Wood turning has a large number of well-known artists throughout the world. Some are legendary, and we've lost all too many of these amazing artists in the past few years. Ray Key was such a figure - legendary for his skills, sense of design, and wonderful humor. He left this world September 14, 2018.
In late December, Paul Hannaby, Chairman of the Association of Woodturners of Great Britain (AWGB), contacted more than 100 woodturners for a project to honor the memory of Ray Key. Ray's wife, Liz, found a stockpile of partially-turned pieces that were in Ray's shop. These were to be sent to well-known woodturners from around the globe, to finish in their own style. The pieces will be exhibited as a collection and then sold, with proceeds going to Ray's wife and a charity designated by AWGB. All of the participants have had interactions with Ray over the years, and contributing to this effort is a way to honor his memory.
I selected a small rough-turned bowl of Canarywood for my project. The rough turning had the classic bowl shape that Ray was known for. I finished turned it, and then carved a texture pattern that was inspired from wood anatomy - a rough interpretation of how tracheids (water conducting vessels) interact along the stem of a plant. The combination of grain lines in the wood with my carved pattern makes an interesting design.
Ray was a character larger-than-life. He had the classic dry humor of many Brits. I first met him in 2005, when he was a demonstrator at the Utah Woodturning Symposium. I sat through one of his demonstrations on making his signature Pagoda Box stack. I watched him go through the bottom of one of the boxes, and he talked his way through it as if that was his intention all along. It was hilarious, and an excellent lesson for me, as someone who had just recently joined the realm of demonstrators invited to teach at major woodturning events.
The Utah Woodturning Symposium always had a relaxed and intimate vibe, where demonstrators, well-known artists, and hobbyists had many chances to mingle. Demonstrators and artists often got together at pre- and post-event parties, which is where I had a chance to really talk to Ray for the first time. I found him a delightful story teller, and a master turner who was very supportive of the community of demonstrators.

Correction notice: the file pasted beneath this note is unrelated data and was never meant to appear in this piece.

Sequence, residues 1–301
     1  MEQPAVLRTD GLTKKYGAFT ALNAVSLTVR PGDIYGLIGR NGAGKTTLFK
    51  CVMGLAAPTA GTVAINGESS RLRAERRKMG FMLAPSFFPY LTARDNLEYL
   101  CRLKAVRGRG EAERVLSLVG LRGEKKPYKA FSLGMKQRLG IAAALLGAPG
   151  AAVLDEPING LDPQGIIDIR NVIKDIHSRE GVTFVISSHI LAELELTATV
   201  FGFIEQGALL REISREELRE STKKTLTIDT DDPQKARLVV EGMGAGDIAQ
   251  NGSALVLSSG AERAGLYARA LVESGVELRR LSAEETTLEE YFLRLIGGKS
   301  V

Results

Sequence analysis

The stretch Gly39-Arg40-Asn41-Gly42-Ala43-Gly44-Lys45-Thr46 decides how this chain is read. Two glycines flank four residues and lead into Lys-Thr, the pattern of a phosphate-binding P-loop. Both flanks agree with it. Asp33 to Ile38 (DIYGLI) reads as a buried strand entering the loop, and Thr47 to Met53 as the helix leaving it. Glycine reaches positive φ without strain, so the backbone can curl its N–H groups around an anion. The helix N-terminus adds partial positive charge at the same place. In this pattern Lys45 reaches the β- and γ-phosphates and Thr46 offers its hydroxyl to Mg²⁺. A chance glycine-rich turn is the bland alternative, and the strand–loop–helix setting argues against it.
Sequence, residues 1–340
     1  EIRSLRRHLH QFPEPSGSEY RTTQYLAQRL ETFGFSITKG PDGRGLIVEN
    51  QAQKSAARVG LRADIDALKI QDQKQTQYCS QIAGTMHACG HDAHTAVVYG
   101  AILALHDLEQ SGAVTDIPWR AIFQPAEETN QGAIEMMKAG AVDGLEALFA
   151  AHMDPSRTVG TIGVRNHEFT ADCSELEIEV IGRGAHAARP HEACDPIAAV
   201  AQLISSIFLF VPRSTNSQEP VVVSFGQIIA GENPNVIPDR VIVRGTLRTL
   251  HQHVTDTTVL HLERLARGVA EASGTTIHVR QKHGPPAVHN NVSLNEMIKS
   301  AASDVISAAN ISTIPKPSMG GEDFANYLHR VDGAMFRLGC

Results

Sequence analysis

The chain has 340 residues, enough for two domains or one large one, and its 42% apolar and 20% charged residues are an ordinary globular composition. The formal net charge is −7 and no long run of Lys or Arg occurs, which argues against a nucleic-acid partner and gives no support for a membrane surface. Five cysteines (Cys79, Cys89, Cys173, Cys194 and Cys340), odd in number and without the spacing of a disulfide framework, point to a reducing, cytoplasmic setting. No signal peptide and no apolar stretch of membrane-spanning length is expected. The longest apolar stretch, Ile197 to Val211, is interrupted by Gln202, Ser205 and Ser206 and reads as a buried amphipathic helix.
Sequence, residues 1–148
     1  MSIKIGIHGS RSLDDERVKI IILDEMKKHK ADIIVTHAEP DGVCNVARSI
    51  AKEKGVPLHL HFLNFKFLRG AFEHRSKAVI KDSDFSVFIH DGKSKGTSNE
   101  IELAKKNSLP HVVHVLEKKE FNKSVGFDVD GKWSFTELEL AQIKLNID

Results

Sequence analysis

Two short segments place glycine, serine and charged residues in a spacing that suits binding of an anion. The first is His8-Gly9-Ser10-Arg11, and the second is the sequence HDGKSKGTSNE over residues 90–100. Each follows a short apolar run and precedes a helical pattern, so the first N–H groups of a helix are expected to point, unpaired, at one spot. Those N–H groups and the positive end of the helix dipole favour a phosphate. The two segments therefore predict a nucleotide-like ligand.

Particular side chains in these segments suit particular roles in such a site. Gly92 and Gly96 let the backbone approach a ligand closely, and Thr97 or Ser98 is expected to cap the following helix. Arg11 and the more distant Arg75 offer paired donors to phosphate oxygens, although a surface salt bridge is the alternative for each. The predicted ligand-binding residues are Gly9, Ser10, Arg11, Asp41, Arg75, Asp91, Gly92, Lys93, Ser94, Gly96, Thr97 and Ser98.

I saw Ray several times over the years at different events, but the one that really sticks out in my mind is the Turning 2013 - Ohio Valley Woodturners Symposium. Ray was there as a featured demonstrator, along with Michael Hosaluk, Glenn Lucas, and Nick Agar. Again, I enjoyed watching Ray do his demonstrations, and his interactions with the audience. The most delightful moment, though, was after the Saturday night auction. Many of the auction spotters wear wigs in order to keep the audience's attention during bidding. After the auction, Ray, Mike, Glenn and Nick borrowed the wigs to just be silly, and they allowed me to make some portraits of them. I think this picture (last photo in the sequence below) captures the essence of Ray Key - serious, but funny, as a demonstrator, and a man who just enjoyed life, friendship, and the comraderie of the woodturning community.